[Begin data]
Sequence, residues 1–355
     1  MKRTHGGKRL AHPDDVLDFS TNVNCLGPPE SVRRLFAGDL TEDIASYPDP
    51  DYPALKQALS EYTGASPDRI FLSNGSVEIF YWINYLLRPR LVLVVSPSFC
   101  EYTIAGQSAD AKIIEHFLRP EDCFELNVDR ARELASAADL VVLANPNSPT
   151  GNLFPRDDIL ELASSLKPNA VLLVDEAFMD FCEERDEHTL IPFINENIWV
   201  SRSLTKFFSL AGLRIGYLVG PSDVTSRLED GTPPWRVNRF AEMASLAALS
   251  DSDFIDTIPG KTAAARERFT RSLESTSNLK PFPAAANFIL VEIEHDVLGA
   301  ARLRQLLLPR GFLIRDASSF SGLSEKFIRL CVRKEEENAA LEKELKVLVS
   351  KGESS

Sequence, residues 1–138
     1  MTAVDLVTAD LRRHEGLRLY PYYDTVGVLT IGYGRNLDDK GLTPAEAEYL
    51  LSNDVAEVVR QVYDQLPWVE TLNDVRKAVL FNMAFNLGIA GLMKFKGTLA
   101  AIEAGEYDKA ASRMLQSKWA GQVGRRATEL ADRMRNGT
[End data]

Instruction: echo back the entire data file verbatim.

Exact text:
Sequence, residues 1–355
     1  MKRTHGGKRL AHPDDVLDFS TNVNCLGPPE SVRRLFAGDL TEDIASYPDP
    51  DYPALKQALS EYTGASPDRI FLSNGSVEIF YWINYLLRPR LVLVVSPSFC
   101  EYTIAGQSAD AKIIEHFLRP EDCFELNVDR ARELASAADL VVLANPNSPT
   151  GNLFPRDDIL ELASSLKPNA VLLVDEAFMD FCEERDEHTL IPFINENIWV
   201  SRSLTKFFSL AGLRIGYLVG PSDVTSRLED GTPPWRVNRF AEMASLAALS
   251  DSDFIDTIPG KTAAARERFT RSLESTSNLK PFPAAANFIL VEIEHDVLGA
   301  ARLRQLLLPR GFLIRDASSF SGLSEKFIRL CVRKEEENAA LEKELKVLVS
   351  KGESS

Sequence, residues 1–138
     1  MTAVDLVTAD LRRHEGLRLY PYYDTVGVLT IGYGRNLDDK GLTPAEAEYL
    51  LSNDVAEVVR QVYDQLPWVE TLNDVRKAVL FNMAFNLGIA GLMKFKGTLA
   101  AIEAGEYDKA ASRMLQSKWA GQVGRRATEL ADRMRNGT